On 4 January 2022, the National Security and Investment (NSI) Act – the biggest shake-up in 20 years of the UK’s system for screening investments for risks to national security – will come into full force across the UK.
Further guidance to help businesses understand their legal duties under the NSI Act has been published.
From 4 January 2022, the government will be able to scrutinise and intervene in certain acquisitions made by anyone, including businesses and investors, that could harm the UK’s national security.
The government will be able to impose certain conditions on an acquisition or, if necessary, unwind or block it - although the government expects to do this rarely and the vast majority of deals will be able to proceed without delay.
Businesses and investors are encouraged to get ready for the changes and the guidance published today will help to ensure a smooth transition to the new rules. The guidance helps businesses and investors to: assess whether the government must be notified of an acquisition. Mandatory notification will apply across 17 sensitive areas of the economy, including Artificial Intelligence and Civil Nuclear understand what to expect when they submit a notification form and go through the NSI notification and assessment process. This includes information on what parties can expect while their acquisition is being considered, such as requests for further information and when to expect final decisions on clearance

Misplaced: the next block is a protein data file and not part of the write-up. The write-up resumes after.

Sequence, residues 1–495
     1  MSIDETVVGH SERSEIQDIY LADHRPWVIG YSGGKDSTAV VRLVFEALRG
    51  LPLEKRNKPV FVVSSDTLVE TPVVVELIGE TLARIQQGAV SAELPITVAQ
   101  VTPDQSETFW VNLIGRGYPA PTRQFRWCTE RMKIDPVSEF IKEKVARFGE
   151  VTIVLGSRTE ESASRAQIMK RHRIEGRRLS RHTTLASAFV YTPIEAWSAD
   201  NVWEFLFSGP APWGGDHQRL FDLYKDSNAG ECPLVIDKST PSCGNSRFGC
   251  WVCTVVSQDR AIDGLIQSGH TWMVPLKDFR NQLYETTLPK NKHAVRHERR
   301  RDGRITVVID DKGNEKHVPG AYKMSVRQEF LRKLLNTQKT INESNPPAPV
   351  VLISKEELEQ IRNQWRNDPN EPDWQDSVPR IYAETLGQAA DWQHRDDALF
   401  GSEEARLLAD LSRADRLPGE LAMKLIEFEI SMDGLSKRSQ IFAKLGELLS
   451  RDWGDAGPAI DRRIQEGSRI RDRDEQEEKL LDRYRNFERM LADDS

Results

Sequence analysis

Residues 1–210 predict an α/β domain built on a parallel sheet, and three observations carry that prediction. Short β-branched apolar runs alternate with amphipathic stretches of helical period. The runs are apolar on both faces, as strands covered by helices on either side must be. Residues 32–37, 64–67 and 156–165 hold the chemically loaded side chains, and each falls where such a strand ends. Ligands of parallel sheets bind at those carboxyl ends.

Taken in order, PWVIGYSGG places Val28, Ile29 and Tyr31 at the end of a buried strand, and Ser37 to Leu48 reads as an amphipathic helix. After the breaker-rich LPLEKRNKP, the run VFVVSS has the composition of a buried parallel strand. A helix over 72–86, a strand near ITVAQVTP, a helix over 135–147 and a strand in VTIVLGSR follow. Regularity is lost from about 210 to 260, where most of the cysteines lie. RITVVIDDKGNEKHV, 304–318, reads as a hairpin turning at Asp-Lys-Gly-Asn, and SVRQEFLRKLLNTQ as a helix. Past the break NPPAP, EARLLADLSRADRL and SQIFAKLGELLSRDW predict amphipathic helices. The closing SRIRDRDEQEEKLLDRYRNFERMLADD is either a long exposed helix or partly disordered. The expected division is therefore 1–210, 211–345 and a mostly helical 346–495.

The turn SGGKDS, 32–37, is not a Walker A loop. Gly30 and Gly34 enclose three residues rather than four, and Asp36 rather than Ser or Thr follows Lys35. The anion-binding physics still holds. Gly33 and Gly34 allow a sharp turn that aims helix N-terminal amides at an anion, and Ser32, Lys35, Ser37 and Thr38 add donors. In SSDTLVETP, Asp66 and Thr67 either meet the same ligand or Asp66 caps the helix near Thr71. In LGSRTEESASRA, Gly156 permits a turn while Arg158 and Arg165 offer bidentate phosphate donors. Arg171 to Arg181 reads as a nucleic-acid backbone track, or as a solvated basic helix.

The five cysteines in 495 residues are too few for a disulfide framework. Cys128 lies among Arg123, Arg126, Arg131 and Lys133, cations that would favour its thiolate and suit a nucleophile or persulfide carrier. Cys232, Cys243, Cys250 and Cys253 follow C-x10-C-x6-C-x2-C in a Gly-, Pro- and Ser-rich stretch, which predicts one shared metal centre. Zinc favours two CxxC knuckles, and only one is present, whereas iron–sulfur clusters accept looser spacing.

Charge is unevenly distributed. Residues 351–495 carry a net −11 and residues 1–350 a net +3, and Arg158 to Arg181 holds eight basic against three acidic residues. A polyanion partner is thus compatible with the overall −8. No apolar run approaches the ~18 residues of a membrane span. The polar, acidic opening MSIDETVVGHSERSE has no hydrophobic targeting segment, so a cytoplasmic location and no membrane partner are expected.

Business Minister Lord Callanan said: “The UK is world-renowned as an attractive place to invest, however, we will not hesitate to intervene where necessary to protect our national security. The new investment screening process will be simpler and quicker, giving investors and firms the certainty they need to do business, and I urge them to make sure they are ready for the changes before they come into force in January”.
The government has also laid 2 pieces of secondary legislation. These are:
This latest publication builds on guidance issued in July. That guidance covered:
The 17 sensitive areas of the economy are:
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